MDMA-assisted psychotherapy may offer a solution by helping warriors embrace acceptance of their illness. According to Feduccia, participants in the study tolerated treatment “very well,” meaning there were not any significant or serious adverse outcomes that came from using the psychedelic. More importantly, researchers saw a significant improvement in anxiety, depression, outlook on life and post-traumatic use with MDMA-assisted psychotherapy compared to baseline. “They just conveyed that they felt a lot of resolution around their illness, approaching death, leaving behind family,” Feduccia says.
Feduccia emphasizes that this type of treatment is not about just taking psychedelics every single day to control symptoms. No, it is more about helping warriors process their experience through a guided form of psychotherapy. “It’s got to really be about combining the MDMA with psychotherapy,” she says. “What we’ve observed is that people are more [open] under the influence of MDMA to maybe talk about things that are really difficult or painful. It can also bring in new insights, or different perspectives on a situation like their life.”
In some ways, a cancer diagnosis is as much a physical illness as it is an existential crisis that spreads beyond a warrior’s body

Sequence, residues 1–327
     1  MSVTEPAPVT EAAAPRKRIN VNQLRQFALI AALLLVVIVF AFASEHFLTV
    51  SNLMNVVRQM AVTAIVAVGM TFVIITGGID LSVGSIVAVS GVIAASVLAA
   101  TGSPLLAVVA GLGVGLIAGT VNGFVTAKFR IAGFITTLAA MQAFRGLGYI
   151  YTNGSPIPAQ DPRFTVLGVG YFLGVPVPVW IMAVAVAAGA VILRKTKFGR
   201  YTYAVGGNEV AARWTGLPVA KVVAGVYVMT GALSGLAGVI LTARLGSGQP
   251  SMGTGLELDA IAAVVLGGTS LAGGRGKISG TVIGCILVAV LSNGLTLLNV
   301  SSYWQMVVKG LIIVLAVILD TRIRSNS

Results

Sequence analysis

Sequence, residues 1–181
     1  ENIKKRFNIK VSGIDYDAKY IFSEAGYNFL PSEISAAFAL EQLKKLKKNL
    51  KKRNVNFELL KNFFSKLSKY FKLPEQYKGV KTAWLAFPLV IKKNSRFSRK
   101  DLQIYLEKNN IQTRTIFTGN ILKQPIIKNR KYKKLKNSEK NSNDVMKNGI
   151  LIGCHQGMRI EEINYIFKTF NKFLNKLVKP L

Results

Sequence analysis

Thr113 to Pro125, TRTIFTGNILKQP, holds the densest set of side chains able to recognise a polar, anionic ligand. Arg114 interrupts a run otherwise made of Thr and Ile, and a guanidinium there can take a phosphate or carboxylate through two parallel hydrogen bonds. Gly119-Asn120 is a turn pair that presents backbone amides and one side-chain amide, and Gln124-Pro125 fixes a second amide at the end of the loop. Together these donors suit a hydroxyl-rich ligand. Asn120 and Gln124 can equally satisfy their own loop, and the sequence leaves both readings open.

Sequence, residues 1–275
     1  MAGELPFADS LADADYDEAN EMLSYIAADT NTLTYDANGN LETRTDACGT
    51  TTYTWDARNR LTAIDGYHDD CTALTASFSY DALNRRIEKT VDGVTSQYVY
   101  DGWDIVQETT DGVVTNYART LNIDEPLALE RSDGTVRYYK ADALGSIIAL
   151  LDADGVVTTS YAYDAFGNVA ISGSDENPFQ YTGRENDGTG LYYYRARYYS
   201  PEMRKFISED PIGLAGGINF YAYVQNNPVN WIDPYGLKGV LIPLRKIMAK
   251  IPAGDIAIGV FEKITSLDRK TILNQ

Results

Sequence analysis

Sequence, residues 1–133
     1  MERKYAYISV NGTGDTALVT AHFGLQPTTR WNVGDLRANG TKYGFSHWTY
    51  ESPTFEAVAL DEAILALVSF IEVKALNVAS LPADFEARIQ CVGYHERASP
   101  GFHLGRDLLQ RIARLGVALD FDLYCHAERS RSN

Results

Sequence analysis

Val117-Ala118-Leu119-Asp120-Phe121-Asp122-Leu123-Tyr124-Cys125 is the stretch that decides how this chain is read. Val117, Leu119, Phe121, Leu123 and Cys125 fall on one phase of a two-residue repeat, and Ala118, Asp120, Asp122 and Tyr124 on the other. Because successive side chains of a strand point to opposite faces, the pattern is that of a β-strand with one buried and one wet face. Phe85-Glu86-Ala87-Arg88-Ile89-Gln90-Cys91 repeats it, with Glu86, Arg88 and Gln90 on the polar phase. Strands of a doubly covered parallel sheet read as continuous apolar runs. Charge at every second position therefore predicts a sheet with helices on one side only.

Participants often feel more connected to their therapy team and the MDMA facilitates a level of trust and bonding that might not have existed without the medicine. Although the exact mechanisms aren’t completely understood, Feduccia believes it may be tied to the serotonin and oxytocin effects of the MDMA itself.
Through their research, Feduccia hopes that warriors may soon “get to a place where they can accept and feel okay with where they are and have their focus be on how they can make the most of their life and their time here on Earth.” In the future, researchers would likely develop a larger study with a placebo control for a greater number of warriors.
A future study may broaden the scope. Most of their participants were white and came from higher income brackets. People with different illnesses or within different age groups or stemming from different racial, ethnic and/or socioeconomic backgrounds deserve to feel the same effects from this type of treatment.
End-of-life care is still very medically oriented, resulting in warriors spending an excess amount on their health. In the future, psychedelics may also play a role in helping people achieve acceptance of their reality, rather than avoiding it by any means.
“With substances like psilocybin or LSD, a lot of times people do feel what’s called “ego dissolution” or this expansive feeling of connecting with the universe [and] something beyond their own self,” adds Feduccia. “This may be a whole new way that people can manage better at the end, and maybe also gives their families some comfort cues to see a person really have dignity and grace as they approach the next big chapter.”
To find clinical trials in your area that may be researching therapeutic psychedelics usage, visit clinicaltrials.gov. You can also explore psychedelic therapies through Field Trip Health, a company that blends legal psychedelic-enhanced therapy, mindfulness and self-care in its sessions, at fieldtriphealth.com.